Friday, October 30, 2009

Groupby - collection processing

Iterator and Iterable have most of the most useful methods when dealing with collections. Fold, Map, Filter are probably the most common. But other very useful methods include grouped/groupBy, sliding, find, forall, foreach, and many more. I want to cover Iterable's groupBy method in this topic.

This is a Scala 2.8 and later method. It is similar to partition in that it allows the collection to be divided (or partitioned). Partition takes a method with returns a boolean and partitions the collection into two depending on a result. GroupBy takes a function that returns an object and returns a Map with the key being the return value. This allows an arbitrary number of partitions to be made from the collection.

Here is the method signature:
  1. def groupBy[K](f : (A) => K) : Map[K, This]

A bit of context is require to understand the three Type parameters A, K and This. This method is defined in a super class of collections called TraversableLike (I will briefly discuss this in the next topic.) TraversableLike takes two type parameters: the type of the collection and the type contained in the collection. Therefore in this method definition, 'This' refers to the collection type (List for example) and A refers to contained type (perhaps Int). Finally K refers to the type returned by the function and are the keys of the groups formed by the method.

  1. scala> val groups = (1 to 20).toList groupBy {
  2.      | case i if(i<5) => "g1"
  3.      | case i if(i<10) => "g2"
  4.      | case i if(i<15) => "g3"
  5.      | case _ => "g4"
  6.      | }
  7. res4: scala.collection.Map[java.lang.String,List[Int]] = Map(g1 -> List(1, 2, 3, 4), g2 -> List(5, 6, 7, 8, 9), g3 -> List(10, 11, 12, 13, 14), g4 -> List(15, 16, 17, 18, 19, 20))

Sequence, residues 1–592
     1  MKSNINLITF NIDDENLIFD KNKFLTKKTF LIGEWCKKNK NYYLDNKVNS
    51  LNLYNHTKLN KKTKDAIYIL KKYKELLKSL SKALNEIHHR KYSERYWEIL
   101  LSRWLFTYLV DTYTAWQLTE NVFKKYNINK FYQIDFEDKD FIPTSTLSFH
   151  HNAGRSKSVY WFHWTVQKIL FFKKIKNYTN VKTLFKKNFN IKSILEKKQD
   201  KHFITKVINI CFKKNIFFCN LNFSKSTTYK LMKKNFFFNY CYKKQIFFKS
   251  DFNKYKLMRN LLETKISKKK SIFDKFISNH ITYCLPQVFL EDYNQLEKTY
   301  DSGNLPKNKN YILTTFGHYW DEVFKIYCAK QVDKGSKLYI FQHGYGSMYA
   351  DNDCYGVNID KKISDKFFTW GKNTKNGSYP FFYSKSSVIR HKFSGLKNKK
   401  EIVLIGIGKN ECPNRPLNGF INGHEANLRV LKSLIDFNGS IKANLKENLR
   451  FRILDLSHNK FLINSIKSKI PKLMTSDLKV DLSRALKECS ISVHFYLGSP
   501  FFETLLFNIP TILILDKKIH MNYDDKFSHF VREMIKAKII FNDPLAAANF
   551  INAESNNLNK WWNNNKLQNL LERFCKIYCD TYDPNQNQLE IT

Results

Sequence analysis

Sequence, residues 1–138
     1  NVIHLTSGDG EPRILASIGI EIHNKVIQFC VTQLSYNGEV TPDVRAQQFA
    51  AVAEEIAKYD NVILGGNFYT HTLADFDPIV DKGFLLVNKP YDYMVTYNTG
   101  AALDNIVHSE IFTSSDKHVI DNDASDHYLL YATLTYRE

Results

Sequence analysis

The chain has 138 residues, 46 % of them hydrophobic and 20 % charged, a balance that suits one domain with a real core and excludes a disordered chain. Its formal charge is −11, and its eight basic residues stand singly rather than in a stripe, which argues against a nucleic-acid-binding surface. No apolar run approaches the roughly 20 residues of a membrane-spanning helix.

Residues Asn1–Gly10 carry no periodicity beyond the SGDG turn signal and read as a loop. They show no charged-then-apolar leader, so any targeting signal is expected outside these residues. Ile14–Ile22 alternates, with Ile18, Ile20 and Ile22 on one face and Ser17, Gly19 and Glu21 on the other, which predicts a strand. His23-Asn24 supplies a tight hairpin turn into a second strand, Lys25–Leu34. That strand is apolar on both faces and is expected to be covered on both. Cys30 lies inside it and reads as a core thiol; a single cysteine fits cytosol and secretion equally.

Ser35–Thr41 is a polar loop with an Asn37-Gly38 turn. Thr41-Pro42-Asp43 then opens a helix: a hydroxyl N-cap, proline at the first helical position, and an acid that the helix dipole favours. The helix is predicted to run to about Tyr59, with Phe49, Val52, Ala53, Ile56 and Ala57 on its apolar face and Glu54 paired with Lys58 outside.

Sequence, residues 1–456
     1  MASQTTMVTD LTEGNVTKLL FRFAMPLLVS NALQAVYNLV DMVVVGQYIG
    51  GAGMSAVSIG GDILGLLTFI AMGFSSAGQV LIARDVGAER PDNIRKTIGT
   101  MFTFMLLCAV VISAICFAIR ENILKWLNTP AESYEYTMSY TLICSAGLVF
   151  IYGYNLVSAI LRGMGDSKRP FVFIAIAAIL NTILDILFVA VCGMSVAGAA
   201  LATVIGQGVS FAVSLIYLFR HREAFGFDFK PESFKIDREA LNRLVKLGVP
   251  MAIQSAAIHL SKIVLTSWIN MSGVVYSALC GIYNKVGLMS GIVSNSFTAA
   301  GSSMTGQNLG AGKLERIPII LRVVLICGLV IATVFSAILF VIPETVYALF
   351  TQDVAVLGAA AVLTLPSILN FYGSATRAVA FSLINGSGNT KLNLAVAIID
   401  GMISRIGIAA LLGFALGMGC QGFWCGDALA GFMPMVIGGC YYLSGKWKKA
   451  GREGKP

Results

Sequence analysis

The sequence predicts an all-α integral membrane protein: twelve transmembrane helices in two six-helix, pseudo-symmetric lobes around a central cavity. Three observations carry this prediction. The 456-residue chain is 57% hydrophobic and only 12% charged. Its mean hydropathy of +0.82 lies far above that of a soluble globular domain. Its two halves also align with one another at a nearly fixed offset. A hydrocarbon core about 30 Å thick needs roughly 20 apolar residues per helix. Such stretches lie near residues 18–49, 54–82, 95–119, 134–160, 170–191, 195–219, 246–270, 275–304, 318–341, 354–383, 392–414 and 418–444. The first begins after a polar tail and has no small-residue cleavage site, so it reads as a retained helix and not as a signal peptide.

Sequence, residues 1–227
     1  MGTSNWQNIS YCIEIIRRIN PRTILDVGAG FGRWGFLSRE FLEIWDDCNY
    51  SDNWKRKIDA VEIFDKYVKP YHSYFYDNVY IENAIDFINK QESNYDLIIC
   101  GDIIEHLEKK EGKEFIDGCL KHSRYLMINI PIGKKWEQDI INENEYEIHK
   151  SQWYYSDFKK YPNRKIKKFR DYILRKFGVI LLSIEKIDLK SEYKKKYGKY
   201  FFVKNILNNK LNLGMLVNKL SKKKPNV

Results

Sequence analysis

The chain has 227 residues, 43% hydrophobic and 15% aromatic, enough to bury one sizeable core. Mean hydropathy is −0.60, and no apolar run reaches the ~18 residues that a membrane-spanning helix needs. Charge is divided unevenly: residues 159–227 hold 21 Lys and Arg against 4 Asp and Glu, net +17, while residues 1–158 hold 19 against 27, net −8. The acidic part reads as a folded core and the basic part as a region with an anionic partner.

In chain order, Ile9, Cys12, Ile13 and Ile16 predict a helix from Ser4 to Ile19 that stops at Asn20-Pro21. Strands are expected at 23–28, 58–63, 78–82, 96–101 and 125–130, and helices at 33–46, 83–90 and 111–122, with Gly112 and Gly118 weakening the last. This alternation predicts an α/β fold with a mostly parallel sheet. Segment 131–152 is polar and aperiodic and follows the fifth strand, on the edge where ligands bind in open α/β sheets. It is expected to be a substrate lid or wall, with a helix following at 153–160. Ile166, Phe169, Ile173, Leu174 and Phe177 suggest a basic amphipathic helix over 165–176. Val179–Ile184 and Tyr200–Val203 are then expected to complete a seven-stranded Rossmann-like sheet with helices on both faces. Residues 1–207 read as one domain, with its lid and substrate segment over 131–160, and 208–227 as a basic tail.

8. scala> groups.keySet
  9. res6: scala.collection.Set[java.lang.String] = Set(g1, g2, g3, g4)
  10. scala> groups("g1")
  11. res7: List[Int] = List(1, 2, 3, 4)
  12. scala> val mods = (1 to 20).toList groupBy ( _ % 4 )
  13. mods: scala.collection.Map[Int,List[Int]] = Map(1 -> List(1, 5, 9, 13, 17), 2 -> List(2, 6, 10, 14, 18), 3 -> List(3, 7,
  14.  11, 15, 19), 0 -> List(4, 8, 12, 16, 20))
  15. scala> mods.keySet
  16. res9: scala.collection.Set[Int] = Set(1, 2, 3, 0)
  17. scala> mods(1)
  18. res11: List[Int] = List(1, 5, 9, 13, 17)


  1. def groupBy[K](f : (A) => K) : Map[K, This]

    I understand that K is a generic parameter, dictating that the input function to groupBy must be one that yields a K, and that the resulting Map has K as the key type.

    I don't understand what (A) means, and what This means.

  2. Excellent questions.

    I will add more context to that snippet. Take list as the example.

    List[A] extends TraversableLike[A,List]

    groupBy is part of TraversableLike.

    def groupBy[K](f : (A) => K) : Map[K, This]

    A is the type contained in the List, and This is List for list.

    If you are dealing with Array it is This would be Array.

    So List(1,2,3) groupBy {
    case 1 => "one"
    case 2 => "two"
    case _ => "other"

    would return a Map[String, List[Int]]

    I hope that helps clear it up. I will update the post to add in this information.

  3. I really like this blog, but I find it irritating that I can't find the author of the post anywhere on the page.

  4. should A be the type of the list member? in that case Int, This is the type of list itself, in that case List[Int]

  5. Curse you daniel for wanting me to be accountable for my blog ;) I've added a little about me widget for you and others.

  6. Jesse,
    Thanks so much for a clear post.
    I'm trying to follow a presentation by Odersky and I needed to understand groupBy to keep up with him - or at least if lagging far behind to at least keep him in sight.
    Thanks again for sharing.
    Lloyd Muccio

  7. Scala is amazing! Thanks! wonderful topic.